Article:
From there I was on a slippery slope. I soon learned from Warlock magazine that Fighting Fantasy books were written by some guys who ran a games company called Games Workshop and about Games Workshop's other magazine about games, White Dwarf. White Dwarf became my bible and all spare money went on buying back issues. Still being too young to afford games myself, all presents that came in the next few years were games that I had read about in White Dwarf. This was in the last part of the good old days of White Dwarf, when it was a general games magazine with content covering board and role-playing games with very little on miniature games. My games collection at that stage was Dungeons and Dragons, Blood Bowl, Block Mania, Car Wars, Talisman and Warhammer 40,000 (and a handful of space marines).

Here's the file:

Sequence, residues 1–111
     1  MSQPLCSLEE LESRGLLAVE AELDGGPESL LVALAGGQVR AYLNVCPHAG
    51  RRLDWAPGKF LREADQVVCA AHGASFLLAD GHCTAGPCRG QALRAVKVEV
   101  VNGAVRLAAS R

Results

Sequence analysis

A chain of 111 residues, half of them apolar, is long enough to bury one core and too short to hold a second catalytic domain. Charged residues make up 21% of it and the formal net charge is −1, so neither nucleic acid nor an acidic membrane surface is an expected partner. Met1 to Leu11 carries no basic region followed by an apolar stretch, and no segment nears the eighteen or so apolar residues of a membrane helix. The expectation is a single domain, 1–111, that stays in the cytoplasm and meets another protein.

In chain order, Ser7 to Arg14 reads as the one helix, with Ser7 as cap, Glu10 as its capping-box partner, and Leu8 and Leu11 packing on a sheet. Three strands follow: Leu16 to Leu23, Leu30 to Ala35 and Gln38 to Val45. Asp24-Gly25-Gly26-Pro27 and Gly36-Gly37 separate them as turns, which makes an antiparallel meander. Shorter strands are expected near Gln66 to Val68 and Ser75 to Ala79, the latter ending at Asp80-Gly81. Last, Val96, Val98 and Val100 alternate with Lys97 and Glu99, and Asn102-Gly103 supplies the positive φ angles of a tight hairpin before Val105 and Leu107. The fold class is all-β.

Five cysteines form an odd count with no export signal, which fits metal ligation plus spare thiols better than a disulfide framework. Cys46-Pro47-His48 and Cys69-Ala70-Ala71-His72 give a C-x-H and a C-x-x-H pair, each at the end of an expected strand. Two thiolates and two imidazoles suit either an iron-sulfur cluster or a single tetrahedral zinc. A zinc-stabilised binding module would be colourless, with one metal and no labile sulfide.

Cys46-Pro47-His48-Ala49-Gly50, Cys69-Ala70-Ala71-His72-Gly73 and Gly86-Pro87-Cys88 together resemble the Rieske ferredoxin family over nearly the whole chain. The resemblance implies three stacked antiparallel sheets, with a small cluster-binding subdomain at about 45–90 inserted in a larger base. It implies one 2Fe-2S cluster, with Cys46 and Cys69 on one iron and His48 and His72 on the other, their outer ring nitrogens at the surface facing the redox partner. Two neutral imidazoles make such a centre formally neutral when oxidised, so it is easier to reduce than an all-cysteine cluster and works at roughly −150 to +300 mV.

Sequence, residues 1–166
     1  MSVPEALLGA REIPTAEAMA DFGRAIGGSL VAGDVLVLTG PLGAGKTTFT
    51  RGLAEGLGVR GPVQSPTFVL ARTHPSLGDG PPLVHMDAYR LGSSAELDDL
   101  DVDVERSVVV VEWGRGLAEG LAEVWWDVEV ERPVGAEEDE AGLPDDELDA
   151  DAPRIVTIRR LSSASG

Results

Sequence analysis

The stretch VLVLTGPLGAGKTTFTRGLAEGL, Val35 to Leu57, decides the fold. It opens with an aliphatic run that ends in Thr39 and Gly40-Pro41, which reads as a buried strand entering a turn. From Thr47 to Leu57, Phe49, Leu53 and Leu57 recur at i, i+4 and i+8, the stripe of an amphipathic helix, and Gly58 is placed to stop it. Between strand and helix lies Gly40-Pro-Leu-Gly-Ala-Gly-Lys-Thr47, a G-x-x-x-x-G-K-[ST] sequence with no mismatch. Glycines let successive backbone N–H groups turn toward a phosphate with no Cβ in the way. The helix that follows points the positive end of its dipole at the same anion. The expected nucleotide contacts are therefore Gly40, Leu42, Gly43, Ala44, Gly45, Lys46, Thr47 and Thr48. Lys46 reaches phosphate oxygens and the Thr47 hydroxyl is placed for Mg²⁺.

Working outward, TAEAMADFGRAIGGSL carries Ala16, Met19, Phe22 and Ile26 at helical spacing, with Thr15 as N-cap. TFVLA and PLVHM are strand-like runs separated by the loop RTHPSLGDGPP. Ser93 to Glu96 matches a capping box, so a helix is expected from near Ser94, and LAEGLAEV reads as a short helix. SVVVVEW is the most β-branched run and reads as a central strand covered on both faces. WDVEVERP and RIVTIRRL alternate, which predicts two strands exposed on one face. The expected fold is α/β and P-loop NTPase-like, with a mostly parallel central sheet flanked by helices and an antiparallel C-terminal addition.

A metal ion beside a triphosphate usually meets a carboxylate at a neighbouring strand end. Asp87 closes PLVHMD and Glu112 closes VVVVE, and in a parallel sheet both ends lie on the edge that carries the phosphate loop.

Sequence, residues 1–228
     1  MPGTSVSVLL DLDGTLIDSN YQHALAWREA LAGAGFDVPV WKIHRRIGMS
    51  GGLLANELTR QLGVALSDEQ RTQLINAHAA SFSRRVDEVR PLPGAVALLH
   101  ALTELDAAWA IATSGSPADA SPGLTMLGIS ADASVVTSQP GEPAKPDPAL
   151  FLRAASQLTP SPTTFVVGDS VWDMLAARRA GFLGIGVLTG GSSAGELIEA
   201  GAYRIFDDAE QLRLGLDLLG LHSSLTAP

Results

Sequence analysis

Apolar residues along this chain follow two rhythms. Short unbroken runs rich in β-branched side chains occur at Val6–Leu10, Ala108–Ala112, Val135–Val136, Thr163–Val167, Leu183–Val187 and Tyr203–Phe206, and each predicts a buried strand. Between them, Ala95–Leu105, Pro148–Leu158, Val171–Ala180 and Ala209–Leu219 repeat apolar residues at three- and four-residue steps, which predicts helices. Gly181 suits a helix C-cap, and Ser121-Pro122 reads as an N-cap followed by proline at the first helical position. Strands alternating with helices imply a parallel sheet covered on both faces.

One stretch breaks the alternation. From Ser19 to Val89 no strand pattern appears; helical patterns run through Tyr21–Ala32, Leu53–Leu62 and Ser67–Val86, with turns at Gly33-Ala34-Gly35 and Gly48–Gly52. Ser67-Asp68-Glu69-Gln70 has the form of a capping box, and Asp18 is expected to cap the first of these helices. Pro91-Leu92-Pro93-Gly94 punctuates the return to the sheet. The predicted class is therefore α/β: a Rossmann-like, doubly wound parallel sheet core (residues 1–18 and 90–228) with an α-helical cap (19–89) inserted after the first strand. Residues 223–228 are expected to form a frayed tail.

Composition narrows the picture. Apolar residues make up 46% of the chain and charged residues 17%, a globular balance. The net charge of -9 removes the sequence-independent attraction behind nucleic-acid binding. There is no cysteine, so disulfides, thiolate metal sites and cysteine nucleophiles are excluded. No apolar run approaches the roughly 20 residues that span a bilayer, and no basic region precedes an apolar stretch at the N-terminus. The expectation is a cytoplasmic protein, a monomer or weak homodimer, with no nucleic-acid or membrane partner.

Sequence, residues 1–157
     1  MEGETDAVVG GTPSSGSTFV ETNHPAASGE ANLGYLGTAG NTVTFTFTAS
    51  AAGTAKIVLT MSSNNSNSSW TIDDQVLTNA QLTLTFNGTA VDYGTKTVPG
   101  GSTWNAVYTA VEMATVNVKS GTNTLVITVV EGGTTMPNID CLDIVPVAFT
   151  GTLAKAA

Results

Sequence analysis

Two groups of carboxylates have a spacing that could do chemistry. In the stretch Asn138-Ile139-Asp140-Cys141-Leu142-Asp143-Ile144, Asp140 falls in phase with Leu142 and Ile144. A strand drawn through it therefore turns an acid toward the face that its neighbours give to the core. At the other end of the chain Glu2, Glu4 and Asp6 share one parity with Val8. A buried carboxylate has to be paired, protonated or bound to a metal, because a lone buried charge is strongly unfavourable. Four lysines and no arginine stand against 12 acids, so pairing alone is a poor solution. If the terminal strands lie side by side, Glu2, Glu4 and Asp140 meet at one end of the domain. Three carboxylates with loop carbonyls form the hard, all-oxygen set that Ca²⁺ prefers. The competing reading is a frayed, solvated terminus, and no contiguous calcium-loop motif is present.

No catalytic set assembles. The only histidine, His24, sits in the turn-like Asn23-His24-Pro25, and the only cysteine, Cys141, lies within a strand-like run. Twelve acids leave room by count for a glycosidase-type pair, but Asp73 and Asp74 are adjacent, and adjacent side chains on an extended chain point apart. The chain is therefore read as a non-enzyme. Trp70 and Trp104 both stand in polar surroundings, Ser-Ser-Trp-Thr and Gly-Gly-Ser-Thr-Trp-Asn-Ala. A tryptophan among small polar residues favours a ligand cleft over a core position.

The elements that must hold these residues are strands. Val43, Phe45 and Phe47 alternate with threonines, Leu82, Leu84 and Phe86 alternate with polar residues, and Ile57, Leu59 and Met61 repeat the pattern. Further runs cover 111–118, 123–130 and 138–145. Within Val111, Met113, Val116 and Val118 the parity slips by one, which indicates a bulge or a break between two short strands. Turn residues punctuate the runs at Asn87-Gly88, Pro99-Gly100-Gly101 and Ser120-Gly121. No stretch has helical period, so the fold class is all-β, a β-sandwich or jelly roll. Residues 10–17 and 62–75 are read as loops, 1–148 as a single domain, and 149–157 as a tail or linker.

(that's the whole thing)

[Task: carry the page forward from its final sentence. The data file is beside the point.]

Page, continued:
Then came one of the greatest times in my life. When I was 13, my parents told me that the family was going to Europe and America for a big three month holiday and everyone could choose one place to go. My brother and sisters collectively chose Disneyland, Paris and Venice. I insisted we go to Nottingham. My parents were rather shocked to discover that this was not to see Robin Hood, but so that we could go to the home of Games Workshop. Back then there was no 'Warhammer World' just a store in the high street, but to me it was my spiritual home. I saved every penny I earned from my paper route that year and blew it all in the Games Workshop store in Nottingham. The guys behind the counter were just shocked at this kid coming in and spending so much money that they gave me and my brother free t-shirts. There was no way that we could fit it all in my suitcase so it was posted home by sea mail (the 3 month wait for it to arrive was one of the longest periods in my life).